23 October 2006
17 October 2006
Update! The car was found unharmed except for a stain from a melty bag of groceries on the carpet.
This was about to be a post about my trip to Silver Falls State Park. I've got some mediocre pictures on flickr, check them out. It pretty much tells the story. I didn't get a pic of the world's largest glockenspeil in Mt. Angel, or the divey bar where we ate lunch in Silverton, on the "creekside deck" which turned out to be a perch high above a beer commercial rocky shallow creek.
Only pics of the falls loop hike. They all kinda look like dollar store jigsaw puzzles. Oh yeah, and the punk rock wooley worm on the way back to the
The big story however is that of my upstairs neighbors, Satchmo & Beatrix. Satch has lived up there forever, B is a recent addition. The two of them run amok, back and forth across the apartment for about 15 minutes as soon as their person leaves each morning.
The two have been in an unfortunate adventure as of late...
So, their person pulls up to her S.O.'s place in the 'Couv. She takes some stuff inside, leaves the car unlocked because she's going back out to get the cats in just a minute. Then the car drives away, cats inside... KGW tells the story
Good news! I have just rubb
10 October 2006
I just noticed this truck the other day in one of the weird COP parking lots under the Minnesota Freeway. I'm sure he's been there for a long time, in a forgotten corner of the gravel lot where city vehicles go to die.
This one is even more curious since Powell Valley was a weird little independent water district out in SE Portland, about 39,000 customers between the 205 & Gresham. It held its own until 2005 when it was absorbed (sorry) into the Portland Water Bureau. I imagine this truck as one of the three vehicles they were using out there that the Water Bureau decided to keep around for posterity.
I really liked Mr. Dropsy (not his real name) and had to look for some other images of this loyal public utility mascot and found him still alive and well, and a little updated, still the jovial face of various water utility districts around the country.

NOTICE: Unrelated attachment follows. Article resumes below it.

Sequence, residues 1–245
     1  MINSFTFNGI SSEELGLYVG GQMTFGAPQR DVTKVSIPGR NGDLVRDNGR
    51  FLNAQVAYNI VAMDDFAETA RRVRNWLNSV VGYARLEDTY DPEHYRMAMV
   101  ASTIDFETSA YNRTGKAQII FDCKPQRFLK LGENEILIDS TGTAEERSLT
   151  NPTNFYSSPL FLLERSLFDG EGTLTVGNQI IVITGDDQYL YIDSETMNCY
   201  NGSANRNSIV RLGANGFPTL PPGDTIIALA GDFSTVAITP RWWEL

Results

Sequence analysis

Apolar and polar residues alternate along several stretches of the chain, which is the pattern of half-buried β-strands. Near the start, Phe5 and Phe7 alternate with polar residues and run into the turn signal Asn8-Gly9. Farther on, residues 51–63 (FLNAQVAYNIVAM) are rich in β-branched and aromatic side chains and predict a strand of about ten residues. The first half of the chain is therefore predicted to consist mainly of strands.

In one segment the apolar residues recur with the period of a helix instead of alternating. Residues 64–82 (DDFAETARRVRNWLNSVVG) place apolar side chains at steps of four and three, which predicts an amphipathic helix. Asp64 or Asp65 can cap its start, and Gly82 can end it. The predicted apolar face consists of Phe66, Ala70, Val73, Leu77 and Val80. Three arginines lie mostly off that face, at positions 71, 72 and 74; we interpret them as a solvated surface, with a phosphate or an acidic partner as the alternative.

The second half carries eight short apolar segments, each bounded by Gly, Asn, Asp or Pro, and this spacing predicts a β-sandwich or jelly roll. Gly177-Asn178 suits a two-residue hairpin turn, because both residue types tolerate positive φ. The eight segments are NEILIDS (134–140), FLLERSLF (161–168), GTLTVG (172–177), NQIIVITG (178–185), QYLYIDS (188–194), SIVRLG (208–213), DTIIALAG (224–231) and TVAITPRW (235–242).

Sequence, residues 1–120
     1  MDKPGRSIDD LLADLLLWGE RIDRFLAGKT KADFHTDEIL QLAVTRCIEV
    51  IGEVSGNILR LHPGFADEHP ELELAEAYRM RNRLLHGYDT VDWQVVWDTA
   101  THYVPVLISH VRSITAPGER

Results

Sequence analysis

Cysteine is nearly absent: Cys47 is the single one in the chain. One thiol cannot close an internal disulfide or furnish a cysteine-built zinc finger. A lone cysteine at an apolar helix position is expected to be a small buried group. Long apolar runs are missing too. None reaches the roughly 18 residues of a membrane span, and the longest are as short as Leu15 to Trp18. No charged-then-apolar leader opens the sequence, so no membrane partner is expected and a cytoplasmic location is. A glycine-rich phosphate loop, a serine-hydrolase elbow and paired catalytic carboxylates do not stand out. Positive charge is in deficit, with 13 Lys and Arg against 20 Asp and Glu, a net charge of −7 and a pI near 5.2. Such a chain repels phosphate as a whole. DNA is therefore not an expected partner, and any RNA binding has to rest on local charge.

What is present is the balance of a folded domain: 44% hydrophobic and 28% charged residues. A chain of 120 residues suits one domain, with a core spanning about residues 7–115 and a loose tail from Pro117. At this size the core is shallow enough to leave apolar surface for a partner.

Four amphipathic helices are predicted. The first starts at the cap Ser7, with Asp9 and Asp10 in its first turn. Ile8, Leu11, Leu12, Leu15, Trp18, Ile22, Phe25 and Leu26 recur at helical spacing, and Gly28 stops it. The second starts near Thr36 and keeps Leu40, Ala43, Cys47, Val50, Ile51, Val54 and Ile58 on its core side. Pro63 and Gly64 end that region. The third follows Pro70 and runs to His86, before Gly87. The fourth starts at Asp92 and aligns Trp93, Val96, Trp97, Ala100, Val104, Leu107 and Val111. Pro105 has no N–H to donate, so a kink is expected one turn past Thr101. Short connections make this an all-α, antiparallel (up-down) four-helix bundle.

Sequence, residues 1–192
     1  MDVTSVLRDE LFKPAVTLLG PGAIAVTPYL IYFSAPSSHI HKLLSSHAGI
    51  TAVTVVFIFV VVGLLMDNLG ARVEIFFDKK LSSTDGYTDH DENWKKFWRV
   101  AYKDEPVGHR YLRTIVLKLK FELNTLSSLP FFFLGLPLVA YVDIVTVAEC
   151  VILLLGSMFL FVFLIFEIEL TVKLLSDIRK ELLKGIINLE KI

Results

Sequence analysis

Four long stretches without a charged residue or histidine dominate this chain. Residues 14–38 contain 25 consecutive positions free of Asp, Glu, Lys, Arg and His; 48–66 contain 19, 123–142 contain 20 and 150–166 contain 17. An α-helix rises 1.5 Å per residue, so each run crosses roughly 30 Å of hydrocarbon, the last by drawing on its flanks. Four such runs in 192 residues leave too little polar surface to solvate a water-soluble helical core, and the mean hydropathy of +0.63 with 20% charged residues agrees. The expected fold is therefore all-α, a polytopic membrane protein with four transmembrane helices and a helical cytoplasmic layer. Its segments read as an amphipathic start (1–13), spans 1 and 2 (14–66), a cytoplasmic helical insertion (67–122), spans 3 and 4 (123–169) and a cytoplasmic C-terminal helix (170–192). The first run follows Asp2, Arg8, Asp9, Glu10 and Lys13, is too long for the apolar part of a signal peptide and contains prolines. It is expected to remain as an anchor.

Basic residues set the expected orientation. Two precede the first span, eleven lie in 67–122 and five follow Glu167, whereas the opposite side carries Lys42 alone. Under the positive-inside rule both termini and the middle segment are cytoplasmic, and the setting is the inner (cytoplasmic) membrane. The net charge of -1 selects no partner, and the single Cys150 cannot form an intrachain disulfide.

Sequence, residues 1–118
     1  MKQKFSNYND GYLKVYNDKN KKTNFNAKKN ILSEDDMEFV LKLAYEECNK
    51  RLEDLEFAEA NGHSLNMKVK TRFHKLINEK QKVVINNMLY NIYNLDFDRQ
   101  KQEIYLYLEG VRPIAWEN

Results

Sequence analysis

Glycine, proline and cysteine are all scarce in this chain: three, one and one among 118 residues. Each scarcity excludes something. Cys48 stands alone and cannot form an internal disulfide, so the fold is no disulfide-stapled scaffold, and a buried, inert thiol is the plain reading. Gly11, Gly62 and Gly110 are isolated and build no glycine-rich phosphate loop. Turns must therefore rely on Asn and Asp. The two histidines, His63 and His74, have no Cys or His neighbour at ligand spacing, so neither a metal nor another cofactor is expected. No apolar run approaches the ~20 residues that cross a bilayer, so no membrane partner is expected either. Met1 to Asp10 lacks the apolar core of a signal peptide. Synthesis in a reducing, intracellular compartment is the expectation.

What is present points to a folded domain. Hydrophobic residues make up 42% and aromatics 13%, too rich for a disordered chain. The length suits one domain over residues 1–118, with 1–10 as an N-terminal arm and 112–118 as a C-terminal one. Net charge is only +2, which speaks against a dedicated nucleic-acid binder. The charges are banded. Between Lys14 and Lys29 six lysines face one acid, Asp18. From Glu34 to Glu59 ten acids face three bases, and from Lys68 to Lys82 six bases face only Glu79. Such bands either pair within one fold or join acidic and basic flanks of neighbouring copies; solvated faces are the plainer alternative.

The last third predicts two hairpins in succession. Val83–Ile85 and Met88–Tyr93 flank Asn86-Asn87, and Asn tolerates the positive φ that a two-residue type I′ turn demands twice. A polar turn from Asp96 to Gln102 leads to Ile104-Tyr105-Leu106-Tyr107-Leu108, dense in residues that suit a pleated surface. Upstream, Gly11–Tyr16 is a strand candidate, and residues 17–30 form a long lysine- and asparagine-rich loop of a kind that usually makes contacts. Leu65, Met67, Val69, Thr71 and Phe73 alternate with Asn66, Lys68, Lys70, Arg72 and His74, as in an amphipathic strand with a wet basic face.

08 October 2006
No one in the world ever gets what they want, And that is beautiful
Everybody dies frustrated and sad, And that is beautiful
Geeking out with a little TMBG tonight after that line was stuck in my head all day.
I remember it being really profound in the 9th grade, and tonight this is still one of my all time favorite lyrics from any song, ever.
Watch the video!
And watch Anna Ng while you're at it.
Come to think of it, I wonder if Anne Ng still works at the Bangkok Kitchen?
03 October 2006
"In their way hither they had passed two Indian villages on the west side of the river and had been joined by a hundred and fifty of the natives in twenty-five canoes. To avoid any surprise they dined in their boats; this precaution, however, was unnecessary, for on some trivial presents being made a trade immediately commenced, in which the Indians conducted themselves with the utmost decorum. No attempts were made to pass the line drawn on the beach, excepting by two, who appeared to be the principal chiefs, and who were permitted to join the party. These seemed to be very well disposed, and inclined to communicate every information, but unfortunately for our gentlemen, a total ignorance of the Indians' language precluded their profiting by these friendly intentions." -From the Center for Columbia River History.
A couple Saturday mornings ago G and I were up and out into the crisp fall morning, for the hike to the northernmost point of Sauvie Island. Cross the bridge, stop and buy your parking permit from the little store, drive out until the road turns to gravel, go past Collins Beach, keep going for another two miles until the road ends in a parking lot. Climb the gate, walk across the pasture of friendly cows, and you can begin to pick out the former road heading into the Cottonwood forest.
We ended up abandoning this trail about 1/2 mile in as the river was very low and we realized we would be able to walk all the way up the beach, which was a great decision. Lots of frogs, clams, and other river critters. Plenty of beachey things to look at, and views of all the Cascades from Rainier to Hood make this one of the most beautiful stretches of beach I've ever walked.
About halfway to the lighthouse, we came across this cool little shipwreck.
The town of St. Helens, Oregon, across the entrance of Scappoose Bay.
This little guy was the only bright point of the hike out through the nettles. On our trip back out we realized that if we hadn't walked to the Point along the beach, we probably wouldn't have made it all the way. Late September means the blackberries and nettles are in full force, in some places we chose to tromp through the nettles instead of the blackberries. I learned to like the sting...
There were at least four of these little frogs in the tree, but the little bastards are hard to take a picture of.